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First Glance

From Mark Murray, Huma Zaidi, and Jennifer Colby
A day after the New York Times said the Iraq Study Group will recommend a gradual US pullback from Iraq but set no firm timetable for withdrawal, the Washington Post today reports that the panel will recommend -- as a goal -- that all US combat forces depart Iraq by 2008, while leaving behind soldiers to train and advise Iraqi forces. NBC's Andrea Mitchell says that the target of 2008 comes with the condition that there aren't "unexpected developments" in Iraq, which she says is a big loophole.

The 2008 date, of course, carries huge political significance. Mitchell reports that while the Iraq Study Group couldn't agree on a fixed date for a withdrawal, its target for accomplishing it by 2008 is partly with an eye on the political calendar. Participants in the group's discussions tell her that both Democrats and Republicans on the panel believe it must be accomplished before the 2008 primary season. Which means that Iraq could become a less important topic in the upcoming presidential election.  

Speaking of, with just a bit more than 700 days left until Election Day 2008 -- that's right, 700 days -- the potential and already-declared contenders continue revving up their presidential engines. Outgoing Iowa Gov. Tom Vilsack begins Day Two of his announcement tour. Today, he's in New Hampshire; on Saturday, he hits Pittsburgh (his original hometown, where he started out as an orphan with an adoptive mother who was an alcoholic) and Des Moines, IA (the site of his campaign headquarters); and on Sunday, he's in Nevada, home to the Democrats' second nominating contest.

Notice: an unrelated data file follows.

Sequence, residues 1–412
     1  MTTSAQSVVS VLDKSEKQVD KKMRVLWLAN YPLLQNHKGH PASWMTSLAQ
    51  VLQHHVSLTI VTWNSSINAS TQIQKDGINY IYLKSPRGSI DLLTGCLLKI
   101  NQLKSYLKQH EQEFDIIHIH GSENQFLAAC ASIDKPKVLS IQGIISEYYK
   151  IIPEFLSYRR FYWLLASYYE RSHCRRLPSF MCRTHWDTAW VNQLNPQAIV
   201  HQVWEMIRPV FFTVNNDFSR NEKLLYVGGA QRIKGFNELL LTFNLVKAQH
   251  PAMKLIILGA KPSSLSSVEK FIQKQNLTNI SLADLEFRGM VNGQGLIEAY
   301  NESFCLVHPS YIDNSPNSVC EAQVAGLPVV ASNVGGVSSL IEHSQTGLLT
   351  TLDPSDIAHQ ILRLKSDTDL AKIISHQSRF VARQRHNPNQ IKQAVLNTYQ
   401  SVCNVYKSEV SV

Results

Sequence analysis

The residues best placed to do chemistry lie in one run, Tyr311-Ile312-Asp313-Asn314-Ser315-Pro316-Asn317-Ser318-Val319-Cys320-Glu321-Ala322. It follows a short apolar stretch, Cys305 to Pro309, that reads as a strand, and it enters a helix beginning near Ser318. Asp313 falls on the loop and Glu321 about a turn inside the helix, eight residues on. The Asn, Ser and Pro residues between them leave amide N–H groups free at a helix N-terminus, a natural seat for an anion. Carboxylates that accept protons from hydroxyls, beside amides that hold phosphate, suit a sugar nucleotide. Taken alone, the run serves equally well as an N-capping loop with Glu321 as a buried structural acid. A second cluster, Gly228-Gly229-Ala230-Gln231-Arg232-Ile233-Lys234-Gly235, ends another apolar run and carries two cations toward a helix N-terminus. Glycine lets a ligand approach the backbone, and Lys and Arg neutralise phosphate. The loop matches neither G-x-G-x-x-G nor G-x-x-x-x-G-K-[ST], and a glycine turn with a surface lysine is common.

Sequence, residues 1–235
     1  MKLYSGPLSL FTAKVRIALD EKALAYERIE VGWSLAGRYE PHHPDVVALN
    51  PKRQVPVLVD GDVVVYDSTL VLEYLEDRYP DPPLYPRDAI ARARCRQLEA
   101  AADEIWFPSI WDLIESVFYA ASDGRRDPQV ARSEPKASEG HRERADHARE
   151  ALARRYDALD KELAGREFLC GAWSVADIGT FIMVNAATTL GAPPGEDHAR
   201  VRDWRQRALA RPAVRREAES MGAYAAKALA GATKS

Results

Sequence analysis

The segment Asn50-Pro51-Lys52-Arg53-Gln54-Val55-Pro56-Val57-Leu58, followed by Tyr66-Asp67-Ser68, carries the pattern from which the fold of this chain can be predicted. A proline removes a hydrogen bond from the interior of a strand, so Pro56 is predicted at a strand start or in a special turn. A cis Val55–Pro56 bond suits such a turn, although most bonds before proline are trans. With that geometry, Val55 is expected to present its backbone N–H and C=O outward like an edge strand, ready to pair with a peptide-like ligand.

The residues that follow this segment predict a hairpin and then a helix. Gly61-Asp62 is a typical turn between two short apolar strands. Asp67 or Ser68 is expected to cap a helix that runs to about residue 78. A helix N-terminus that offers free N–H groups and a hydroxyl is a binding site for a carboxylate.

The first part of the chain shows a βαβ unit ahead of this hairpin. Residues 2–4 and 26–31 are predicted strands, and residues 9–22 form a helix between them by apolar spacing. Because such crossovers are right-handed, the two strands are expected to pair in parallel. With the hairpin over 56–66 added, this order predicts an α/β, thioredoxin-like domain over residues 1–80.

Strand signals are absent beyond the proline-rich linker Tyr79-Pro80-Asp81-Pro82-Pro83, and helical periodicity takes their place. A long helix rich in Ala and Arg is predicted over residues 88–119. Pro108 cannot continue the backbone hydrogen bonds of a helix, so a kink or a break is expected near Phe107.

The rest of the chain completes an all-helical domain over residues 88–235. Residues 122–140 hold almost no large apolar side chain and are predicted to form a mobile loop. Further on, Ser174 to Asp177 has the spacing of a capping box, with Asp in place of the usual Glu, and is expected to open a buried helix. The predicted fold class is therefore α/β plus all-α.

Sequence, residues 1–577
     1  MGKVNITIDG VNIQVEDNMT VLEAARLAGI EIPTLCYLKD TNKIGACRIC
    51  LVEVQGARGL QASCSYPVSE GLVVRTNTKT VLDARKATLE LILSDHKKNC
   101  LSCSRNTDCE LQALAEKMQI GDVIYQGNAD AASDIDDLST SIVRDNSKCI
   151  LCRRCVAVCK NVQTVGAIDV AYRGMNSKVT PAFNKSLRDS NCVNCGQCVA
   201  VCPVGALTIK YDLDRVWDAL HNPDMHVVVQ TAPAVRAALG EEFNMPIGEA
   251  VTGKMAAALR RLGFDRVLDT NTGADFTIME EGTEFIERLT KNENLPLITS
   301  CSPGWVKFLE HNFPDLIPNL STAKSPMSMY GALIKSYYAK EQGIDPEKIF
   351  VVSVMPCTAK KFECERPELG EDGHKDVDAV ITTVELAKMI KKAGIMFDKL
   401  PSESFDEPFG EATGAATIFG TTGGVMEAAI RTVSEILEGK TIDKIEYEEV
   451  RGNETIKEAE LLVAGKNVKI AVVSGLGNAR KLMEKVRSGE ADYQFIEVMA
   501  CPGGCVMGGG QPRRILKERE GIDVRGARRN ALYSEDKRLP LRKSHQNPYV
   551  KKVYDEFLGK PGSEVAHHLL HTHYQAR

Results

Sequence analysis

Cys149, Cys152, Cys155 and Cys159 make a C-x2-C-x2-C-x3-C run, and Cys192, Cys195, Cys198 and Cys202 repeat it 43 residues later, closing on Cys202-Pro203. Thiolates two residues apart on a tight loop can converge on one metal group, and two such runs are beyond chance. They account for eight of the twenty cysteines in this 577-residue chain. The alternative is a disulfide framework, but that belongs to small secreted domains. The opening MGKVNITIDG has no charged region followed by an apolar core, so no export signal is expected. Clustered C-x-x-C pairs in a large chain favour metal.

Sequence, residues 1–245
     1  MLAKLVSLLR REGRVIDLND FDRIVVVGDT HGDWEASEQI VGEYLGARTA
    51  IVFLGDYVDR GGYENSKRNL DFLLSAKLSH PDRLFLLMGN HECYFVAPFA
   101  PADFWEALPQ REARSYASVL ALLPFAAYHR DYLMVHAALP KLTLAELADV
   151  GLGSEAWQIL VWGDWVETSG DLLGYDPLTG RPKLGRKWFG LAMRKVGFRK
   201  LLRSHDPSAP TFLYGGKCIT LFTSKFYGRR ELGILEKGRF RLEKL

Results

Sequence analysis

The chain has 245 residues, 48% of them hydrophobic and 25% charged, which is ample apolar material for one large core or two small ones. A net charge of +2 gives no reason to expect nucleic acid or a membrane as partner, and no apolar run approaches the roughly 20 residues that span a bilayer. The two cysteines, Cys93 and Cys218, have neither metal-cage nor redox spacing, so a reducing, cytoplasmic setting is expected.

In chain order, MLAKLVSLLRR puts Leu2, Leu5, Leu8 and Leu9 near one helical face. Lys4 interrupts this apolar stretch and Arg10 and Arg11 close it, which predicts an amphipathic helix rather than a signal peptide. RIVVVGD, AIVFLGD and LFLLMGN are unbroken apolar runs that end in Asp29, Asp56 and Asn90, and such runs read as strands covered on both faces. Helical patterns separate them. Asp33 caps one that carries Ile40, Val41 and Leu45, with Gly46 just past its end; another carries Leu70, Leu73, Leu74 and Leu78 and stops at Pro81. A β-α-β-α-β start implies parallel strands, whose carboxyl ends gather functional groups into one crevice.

Barack Obama also once again jumps into the spotlight, this time appearing today -- which is World AIDS Day -- at evangelical pastor and author Rick Warren's mega-church in Lake Forest, CA, to discuss AIDS and HIV. After that, Obama sits down with NBC's Jay Leno to tape his appearance on the "Tonight Show." Obama's visit to Warren's church, however, has angered some anti-abortion activists due to his support for abortion rights. As we mentioned yesterday, Obama will take a HIV test at the event and will encourage others to do the same; he took an AIDS test when he visited Kenya earlier this year. 

(Obama isn't the only one gearing up for World AIDS Day. In addition to President Bush participating in a meeting this morning on AIDS, the White House announced yesterday that Bush will meet with South African President Thabo Mbeki next Friday to discuss, among other things, ways to fight HIV/AIDS in South Africa.)

In more oh-eight news, John McCain crashed Mitt Romney's Republican Governors Association meeting in Florida (see below for more on that). And then there's the nominating calendar. On Saturday afternoon, the DNC's Rules and Bylaws Committee meets to discuss a proposal that would award bonus delegates to states that hold their presidential nominating contests at later dates as a way to discourage a front-loaded calendar. Per a source, the committee will likely recommend this proposal, and the full DNC will vote on it in February. 

Also at the DNC confab, chairman Howard Dean -- a day after his counterpart at the RNC gave his own midterm assessment -- will discuss what the party accomplished in 2006. Joining him will be Nancy Boyda of Kansas and Tim Walz of Minnesota, who were two of the more surprising House Democratic challengers to win on Election Day. And Dean will obviously highlight them as successful examples of his controversial 50-state strategy.